Nayla Al Khaja, featured in Concierge Magazine during DIFF 2017, talks gender equality and gives advice to the future generation of Emirati filmmakers

During Dubai International Film Festival in December 2017, the Dubai Edition of Concierge Magazine (#158) published an article highlighting the Emirati filmmakers transforming the local scene, and featuring Nayla Al Khaja as a pioneer among Emirati women filmmakers. Extracts.

[About the IWC Filmmaker Award, for which Nayla Al Khaja’s Animal was nominated] Al Khaja finds it interesting that the short list is comprised of three Middle Eastern women filmmakers and just one man, and believes that cinema is one area in the UAE where women are thriving in the field. “I feel as if, at the moment, there is a growing wave of women’s empowerment in the region. I feel like women’s voices are being amplified and heard, especially in the realm of film,” she says.
Al Khaja notes that the balance between the number of male directors and female directors is far more even in the UAE than in Hollywood, where women are still woefully underrepresented.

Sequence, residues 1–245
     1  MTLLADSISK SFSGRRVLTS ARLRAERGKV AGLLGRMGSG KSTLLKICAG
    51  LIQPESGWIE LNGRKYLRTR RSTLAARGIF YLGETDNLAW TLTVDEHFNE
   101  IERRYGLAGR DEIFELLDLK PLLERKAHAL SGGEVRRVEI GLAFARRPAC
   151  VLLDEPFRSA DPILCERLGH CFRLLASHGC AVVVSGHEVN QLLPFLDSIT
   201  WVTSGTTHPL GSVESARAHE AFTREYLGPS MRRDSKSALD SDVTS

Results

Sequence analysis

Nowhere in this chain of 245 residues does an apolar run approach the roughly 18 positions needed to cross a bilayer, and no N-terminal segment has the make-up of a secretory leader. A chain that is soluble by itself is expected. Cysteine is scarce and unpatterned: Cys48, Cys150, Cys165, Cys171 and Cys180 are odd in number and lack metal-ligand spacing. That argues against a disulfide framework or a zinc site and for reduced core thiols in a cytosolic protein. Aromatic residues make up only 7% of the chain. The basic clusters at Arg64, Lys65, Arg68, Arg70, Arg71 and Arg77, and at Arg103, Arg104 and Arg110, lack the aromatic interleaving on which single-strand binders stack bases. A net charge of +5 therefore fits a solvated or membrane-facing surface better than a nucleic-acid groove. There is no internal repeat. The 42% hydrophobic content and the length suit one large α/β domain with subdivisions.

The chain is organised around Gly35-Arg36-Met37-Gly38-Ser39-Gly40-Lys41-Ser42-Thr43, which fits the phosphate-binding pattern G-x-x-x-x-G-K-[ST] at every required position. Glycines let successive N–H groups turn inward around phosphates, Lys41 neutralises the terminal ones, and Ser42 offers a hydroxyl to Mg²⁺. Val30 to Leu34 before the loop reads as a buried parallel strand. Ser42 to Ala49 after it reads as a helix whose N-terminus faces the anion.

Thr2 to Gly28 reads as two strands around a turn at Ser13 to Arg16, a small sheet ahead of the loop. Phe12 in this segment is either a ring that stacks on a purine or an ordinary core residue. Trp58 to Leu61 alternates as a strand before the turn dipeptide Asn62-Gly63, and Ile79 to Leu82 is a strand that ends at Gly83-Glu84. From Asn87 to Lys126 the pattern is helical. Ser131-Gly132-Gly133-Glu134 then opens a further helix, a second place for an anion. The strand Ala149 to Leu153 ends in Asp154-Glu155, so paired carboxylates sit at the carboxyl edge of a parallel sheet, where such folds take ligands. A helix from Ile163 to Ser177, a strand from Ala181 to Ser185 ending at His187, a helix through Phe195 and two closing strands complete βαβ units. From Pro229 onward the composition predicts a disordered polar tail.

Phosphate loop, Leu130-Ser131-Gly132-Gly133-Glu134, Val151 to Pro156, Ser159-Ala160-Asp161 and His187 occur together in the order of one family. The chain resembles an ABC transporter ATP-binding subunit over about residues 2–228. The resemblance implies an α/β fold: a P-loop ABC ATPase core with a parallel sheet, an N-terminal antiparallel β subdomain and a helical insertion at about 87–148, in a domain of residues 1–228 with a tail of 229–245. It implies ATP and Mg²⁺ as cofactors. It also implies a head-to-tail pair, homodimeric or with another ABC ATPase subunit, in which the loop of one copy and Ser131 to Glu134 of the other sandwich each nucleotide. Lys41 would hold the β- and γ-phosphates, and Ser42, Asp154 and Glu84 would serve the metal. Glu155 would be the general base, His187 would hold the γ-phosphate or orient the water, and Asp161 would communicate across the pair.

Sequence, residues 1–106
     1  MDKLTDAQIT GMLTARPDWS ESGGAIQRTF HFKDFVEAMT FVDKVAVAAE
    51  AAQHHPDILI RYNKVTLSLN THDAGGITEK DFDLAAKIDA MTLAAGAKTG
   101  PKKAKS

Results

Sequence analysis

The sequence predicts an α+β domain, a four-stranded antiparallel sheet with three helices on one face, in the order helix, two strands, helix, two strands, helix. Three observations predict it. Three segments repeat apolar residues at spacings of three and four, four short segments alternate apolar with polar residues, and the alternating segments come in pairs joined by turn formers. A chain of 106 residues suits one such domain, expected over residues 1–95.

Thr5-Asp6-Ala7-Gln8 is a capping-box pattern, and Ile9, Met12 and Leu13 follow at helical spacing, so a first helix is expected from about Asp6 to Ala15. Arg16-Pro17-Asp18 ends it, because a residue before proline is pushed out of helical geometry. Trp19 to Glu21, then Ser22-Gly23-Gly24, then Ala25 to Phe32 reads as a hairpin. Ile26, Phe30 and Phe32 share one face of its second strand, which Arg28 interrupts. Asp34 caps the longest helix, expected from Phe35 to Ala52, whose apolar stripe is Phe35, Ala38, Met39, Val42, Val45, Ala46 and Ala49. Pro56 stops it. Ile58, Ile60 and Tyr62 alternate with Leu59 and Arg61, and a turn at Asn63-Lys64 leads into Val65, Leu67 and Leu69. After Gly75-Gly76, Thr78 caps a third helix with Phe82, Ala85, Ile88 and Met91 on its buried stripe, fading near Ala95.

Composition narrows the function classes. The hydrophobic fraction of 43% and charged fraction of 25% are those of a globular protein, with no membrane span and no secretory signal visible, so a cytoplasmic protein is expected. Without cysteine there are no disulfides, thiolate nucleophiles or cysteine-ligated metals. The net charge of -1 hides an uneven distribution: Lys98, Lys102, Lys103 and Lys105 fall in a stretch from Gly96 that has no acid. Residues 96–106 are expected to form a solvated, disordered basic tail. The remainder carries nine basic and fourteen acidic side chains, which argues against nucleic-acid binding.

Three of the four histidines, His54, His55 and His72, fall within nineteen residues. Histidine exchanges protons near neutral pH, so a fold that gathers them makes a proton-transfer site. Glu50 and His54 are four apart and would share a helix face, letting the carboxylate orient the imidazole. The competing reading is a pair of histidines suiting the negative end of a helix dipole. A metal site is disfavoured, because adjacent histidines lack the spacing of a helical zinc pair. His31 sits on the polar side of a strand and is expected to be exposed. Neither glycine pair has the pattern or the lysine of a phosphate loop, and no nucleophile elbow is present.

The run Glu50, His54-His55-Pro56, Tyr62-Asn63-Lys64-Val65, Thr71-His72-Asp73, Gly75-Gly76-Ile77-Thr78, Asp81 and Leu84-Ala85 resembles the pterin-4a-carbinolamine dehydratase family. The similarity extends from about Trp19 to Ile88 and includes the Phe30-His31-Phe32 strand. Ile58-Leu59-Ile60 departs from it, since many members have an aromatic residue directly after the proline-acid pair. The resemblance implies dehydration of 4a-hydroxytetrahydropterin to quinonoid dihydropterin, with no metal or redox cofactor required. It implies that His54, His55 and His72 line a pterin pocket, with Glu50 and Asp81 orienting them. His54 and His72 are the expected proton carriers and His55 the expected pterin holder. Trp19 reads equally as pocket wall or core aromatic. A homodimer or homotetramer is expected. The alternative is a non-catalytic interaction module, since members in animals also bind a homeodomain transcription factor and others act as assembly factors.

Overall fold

“I feel like we have achieved this ahead of the Western world, because Western cinema had a 100-year head-start – but it was started by men. Hollywood was, and is, very much a boys’ club. In the UAE, where our local film industry is just taking off, it’s really great that we can establish a greater sense of gender equality from the early stages, and set that as a precedent.”
The issue of censorship is one that every filmmaker in this region however must address, although Al Khaja notes approvingly that DIFF has never censored any of its screenings.
“We do have certain limitations compared to the West in one sense, simply because of the cultural identity of the country. So, I suppose in that sense, my painting palette as a filmmaker is perhaps more limited than if I was somewhere else. But I believe that my voice, as an Arab woman, is much stronger here than it would be in the Hollywood mainstream film industry.
“Sometimes, limitations can force you to be more creative. If I can’t say a certain thing or shoot a certain scene, it forces me to find another way to get my message across. I think for now I will continue to ride this wave and see how far UAE filmmakers can go when it comes to pushing boundaries.”

[About the young generation of Emirati filmmakers] Like [Ali] Mostafa and [Ahmed] Zain, Al Khaja has advice for young artists who aspire to participate at DIFF themselves one day. “Telling you to ‘follow your dreams’ is easy to say, but hard to do, so I like to offer practical advice. First, find out which productions are happening in the country – contact the Dubai Film and TV Commission – then volunteer to be an intern on set. Try out different departments so that you can really understand which part of the industry you want to join. Learn from the professionals. The experience will be invaluable.”